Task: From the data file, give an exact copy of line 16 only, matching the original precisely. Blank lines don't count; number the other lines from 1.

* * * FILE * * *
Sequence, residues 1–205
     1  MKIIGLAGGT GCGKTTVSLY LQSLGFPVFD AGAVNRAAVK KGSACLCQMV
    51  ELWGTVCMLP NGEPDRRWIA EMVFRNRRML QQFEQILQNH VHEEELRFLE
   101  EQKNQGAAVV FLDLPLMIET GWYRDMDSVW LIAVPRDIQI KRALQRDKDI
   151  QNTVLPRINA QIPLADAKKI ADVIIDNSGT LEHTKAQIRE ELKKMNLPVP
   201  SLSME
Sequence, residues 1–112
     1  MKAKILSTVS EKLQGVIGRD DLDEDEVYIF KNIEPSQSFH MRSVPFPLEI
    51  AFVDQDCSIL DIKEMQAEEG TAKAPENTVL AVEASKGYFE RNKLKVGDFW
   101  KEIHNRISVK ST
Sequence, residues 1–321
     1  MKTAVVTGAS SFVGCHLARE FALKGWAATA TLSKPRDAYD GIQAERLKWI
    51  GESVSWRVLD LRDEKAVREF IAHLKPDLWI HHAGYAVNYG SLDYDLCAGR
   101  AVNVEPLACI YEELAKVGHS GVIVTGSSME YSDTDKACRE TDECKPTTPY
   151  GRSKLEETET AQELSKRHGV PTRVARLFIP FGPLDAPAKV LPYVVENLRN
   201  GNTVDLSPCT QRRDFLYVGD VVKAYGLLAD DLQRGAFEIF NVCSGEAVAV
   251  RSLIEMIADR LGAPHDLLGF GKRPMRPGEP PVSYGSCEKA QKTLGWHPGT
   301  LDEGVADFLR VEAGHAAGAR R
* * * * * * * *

   201  GNTVDLSPCT QRRDFLYVGD VVKAYGLLAD DLQRGAFEIF NVCSGEAVAV